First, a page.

Traffic Models for Self-driving Connected Cars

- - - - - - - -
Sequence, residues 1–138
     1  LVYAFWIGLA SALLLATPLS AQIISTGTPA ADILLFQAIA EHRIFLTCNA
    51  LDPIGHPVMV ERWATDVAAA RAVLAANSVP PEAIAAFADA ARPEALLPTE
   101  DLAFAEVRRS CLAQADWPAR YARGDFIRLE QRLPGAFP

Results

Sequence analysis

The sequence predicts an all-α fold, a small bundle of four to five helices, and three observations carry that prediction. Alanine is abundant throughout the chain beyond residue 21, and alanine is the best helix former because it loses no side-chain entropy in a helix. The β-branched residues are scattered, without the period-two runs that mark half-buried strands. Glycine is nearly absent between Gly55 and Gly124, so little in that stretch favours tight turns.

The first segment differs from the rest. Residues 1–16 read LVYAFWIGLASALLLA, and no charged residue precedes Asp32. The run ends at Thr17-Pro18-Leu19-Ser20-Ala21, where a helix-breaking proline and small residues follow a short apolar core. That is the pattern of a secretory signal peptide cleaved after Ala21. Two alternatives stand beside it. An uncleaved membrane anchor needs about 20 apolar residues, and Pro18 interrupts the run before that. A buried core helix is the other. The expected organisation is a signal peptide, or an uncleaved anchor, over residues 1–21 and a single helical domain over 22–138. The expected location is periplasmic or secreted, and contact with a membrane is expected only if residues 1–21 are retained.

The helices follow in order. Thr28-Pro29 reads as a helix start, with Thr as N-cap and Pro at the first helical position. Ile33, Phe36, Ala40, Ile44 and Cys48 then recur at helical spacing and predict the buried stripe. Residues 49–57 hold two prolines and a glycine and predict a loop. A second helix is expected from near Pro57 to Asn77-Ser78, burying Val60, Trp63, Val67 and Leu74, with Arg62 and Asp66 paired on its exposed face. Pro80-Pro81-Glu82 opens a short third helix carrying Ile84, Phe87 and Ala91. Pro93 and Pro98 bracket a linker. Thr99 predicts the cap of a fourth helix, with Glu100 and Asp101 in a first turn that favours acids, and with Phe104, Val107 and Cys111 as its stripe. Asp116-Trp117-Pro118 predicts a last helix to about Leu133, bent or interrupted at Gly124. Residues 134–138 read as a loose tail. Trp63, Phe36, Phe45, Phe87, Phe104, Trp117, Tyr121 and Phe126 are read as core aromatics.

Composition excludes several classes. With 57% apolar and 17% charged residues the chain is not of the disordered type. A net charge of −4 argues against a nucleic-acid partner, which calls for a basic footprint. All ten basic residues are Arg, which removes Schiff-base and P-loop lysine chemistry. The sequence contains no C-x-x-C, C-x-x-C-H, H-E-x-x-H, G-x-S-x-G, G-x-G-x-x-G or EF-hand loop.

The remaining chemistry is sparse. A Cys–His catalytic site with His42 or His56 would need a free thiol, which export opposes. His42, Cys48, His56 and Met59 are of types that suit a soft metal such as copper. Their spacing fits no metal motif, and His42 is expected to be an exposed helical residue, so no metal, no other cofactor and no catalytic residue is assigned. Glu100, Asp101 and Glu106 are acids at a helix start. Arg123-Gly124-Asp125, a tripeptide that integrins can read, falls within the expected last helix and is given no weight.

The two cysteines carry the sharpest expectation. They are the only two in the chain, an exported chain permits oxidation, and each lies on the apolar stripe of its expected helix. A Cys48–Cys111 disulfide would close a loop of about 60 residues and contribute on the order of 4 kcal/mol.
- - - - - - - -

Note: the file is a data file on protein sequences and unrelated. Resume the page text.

Self-driving and connected vehicles, communicating with one another (V2 V technology) and with the road infrastructure (V2I technology), are a subject of extensive research nowadays and are expected to revolutionize the automotive industry in the near future. The major goal of our work is to design a microscopic traffic simulation model for such vehicles, including a robust protocol for exchanging information. The question arises as to whether such communication system may efficiently improve travel quality while reducing the risk of collisions. For the purpose of our research we created and developed a simulation software. Our tool visualizes traffic flow for custom but simplified road maps. The transport infrastructure includes multiple junctions, optionally equipped with traffic lights, and roads with varying number of travel lanes. Each vehicle is assigned a fixed route leading to a randomly chosen destination point. Any decisions made by autonomous cars (regarding acceleration or turning maneuvers) are preceded by communication stages (retrieving necessary data, negotiations). In the paper we present fundamental concepts, assumptions and design of our model and simulation software, we also discuss potential issues relevant to our approach. As for the future work, we plan to implement our model in a large-scale agent-based traffic simulation software, Traffic Simulation Framework, so that further examination will be carried out for realistic road networks taken from the OpenStreetMap project. We also plan to apply machine learning techniques, so that self-driving vehicles, as well as traffic light controllers, will be able to learn how to develop the best strategy and by this way improve traffic safety and efficiency in atypical cases.